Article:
Gita says: ‘The incident in the school is something I do not want anyone from any community to face. So when it came to SMC meetings, we wanted to involve all the parents in the running of the school and in tracking their children’s progress. We began to discuss issues like personal hygiene, school attendance and MDMs in our meetings, regularly, which clearly made an impact on the way the school was run and how parents perceived the school. Now children come neatly dressed, toilets have improved and the personal hygiene of children is looking up. It is ironic that the school lunch programme had to start it all!’

She explains that, where previously, she used to sign the attendance register and do little else, she now makes sure that everything is prepared according to the school menu and the food is hygienic and tasty. This has improved standards so much that ‘the headmaster now tastes the food before it is served to the children’, she reveals. 

Midday meals programme

But what encourages Gita most is news that things are also changing elsewhere. For example, in the primary school in Payagipur, the headmaster ensured that no names of students were engraved onto the plates. This way, there could no discrimination against any child, since no child could now refuse to eat from the plate given to him or her.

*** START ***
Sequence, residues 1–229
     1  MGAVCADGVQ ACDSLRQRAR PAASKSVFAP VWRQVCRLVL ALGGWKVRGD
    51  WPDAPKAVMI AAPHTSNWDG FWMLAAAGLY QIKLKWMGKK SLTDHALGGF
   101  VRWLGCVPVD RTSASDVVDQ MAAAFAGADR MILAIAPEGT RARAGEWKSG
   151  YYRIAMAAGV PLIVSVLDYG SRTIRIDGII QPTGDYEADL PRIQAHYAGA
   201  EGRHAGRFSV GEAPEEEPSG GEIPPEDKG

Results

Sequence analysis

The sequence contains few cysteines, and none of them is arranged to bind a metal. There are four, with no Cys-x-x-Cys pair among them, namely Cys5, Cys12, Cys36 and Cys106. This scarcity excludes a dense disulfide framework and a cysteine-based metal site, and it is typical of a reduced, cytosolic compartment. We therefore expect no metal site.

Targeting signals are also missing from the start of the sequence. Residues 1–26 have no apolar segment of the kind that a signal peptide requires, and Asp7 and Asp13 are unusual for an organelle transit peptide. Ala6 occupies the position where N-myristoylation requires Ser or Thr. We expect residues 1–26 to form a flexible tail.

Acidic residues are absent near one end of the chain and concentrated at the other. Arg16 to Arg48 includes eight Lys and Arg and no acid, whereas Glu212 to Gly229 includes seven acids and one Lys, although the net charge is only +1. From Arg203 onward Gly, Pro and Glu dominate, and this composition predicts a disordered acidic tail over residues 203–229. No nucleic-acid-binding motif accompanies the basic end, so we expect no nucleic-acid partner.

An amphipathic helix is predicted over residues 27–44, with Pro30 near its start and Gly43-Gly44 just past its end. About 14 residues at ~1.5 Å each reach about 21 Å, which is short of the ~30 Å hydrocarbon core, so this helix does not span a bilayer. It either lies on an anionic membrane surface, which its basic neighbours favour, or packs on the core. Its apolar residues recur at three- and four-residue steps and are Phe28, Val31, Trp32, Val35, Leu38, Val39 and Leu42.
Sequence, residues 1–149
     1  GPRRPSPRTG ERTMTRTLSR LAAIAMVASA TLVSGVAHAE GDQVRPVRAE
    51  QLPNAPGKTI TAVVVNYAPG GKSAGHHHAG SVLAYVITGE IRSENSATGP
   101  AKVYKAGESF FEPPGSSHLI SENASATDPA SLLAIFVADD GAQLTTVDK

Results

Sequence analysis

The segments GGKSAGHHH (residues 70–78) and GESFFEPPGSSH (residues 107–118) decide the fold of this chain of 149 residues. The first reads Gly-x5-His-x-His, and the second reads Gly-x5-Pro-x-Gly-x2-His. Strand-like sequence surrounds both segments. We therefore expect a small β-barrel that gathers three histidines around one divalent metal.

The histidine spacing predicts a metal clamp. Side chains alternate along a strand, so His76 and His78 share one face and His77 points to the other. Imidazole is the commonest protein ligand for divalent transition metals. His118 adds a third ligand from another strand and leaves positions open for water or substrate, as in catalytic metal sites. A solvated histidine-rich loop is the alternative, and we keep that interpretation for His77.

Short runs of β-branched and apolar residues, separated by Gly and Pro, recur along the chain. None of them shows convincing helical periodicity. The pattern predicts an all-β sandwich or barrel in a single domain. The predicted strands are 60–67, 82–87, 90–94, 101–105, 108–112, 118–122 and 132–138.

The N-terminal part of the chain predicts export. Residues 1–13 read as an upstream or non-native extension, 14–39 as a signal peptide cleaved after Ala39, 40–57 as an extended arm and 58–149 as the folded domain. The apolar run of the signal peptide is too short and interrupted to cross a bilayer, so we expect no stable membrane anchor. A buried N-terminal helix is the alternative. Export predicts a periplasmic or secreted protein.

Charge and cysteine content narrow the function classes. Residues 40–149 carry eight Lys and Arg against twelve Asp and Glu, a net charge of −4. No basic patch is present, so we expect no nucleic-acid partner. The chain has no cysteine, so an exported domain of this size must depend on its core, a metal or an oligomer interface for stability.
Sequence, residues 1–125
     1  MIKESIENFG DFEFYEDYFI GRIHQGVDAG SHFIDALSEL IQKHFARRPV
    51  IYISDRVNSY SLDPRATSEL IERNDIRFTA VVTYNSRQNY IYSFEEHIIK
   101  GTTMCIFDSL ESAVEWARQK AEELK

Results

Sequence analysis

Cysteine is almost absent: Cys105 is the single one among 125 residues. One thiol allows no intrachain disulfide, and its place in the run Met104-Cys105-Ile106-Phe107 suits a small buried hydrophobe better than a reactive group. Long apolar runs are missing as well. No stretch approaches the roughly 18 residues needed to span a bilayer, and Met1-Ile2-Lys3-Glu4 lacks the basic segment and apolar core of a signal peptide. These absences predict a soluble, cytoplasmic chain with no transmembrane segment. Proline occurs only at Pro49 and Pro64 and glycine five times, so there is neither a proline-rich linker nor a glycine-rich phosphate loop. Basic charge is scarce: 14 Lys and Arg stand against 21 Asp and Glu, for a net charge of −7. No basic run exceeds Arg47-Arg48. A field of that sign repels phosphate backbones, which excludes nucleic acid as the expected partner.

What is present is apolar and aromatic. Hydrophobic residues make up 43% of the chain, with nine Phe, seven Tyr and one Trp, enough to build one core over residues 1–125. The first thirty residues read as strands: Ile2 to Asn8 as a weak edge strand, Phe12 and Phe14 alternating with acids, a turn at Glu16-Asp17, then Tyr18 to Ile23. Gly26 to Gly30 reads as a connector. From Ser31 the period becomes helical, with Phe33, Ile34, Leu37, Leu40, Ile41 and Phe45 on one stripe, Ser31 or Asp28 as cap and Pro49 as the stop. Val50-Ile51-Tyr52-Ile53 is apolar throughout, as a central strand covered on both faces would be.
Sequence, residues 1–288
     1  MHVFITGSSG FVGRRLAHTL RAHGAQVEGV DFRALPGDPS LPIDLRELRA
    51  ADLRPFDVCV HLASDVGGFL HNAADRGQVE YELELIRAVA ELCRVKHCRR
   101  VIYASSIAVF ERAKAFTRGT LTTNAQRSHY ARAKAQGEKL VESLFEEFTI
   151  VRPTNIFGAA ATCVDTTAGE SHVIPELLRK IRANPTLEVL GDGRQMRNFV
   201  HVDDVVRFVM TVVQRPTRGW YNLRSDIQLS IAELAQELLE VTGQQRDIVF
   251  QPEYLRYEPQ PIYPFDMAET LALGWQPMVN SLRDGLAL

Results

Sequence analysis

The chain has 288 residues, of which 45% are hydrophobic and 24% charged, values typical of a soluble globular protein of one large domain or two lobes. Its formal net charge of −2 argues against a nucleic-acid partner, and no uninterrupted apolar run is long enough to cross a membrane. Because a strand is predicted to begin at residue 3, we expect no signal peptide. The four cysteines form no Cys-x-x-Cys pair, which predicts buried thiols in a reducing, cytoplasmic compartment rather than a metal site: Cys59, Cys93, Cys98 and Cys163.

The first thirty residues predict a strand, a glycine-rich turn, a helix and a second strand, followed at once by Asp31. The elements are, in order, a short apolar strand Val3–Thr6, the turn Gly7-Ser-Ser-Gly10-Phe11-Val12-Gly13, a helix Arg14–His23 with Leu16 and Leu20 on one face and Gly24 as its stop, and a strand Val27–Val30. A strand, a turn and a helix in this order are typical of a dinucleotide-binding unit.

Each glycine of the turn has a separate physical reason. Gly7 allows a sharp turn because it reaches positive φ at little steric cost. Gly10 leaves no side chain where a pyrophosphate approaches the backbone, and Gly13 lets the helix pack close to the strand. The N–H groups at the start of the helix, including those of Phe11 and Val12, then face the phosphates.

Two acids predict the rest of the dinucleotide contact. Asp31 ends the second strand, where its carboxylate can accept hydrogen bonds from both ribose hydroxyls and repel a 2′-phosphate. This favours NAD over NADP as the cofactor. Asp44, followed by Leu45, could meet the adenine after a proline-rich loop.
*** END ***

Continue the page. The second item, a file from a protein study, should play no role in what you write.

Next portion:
Progress remains gradual: there are also instances such as the one at a primary school in Garhi Islamnagar, where the headmaster served tea to Arvind in a broken glass because he assumed he was from a lower caste. Arvind refused to drink it and asked his colleague – from an upper caste – to have the tea instead. Arvind laughs at the memory, but warns that innovations, such as the MDM scheme, can be a mixed blessing.

He explains that MDMs are designed to enable every child to eat nutritious food and thus to encourage more children from marginalised communities to enrol in school. ‘Where the MDM programme works well, it brings people from different castes together. But in states like Uttar Pradesh, it has become another tool for some people to practise discrimination in all its ugly forms. As a result, when parents from socially excluded communities hear about it from their children, they ask them – who need education the most – to drop out of school instead of put up with the humiliation. This ultimately denies them the opportunity of completing their education and taking full advantage of economic opportunities they so desperately need.'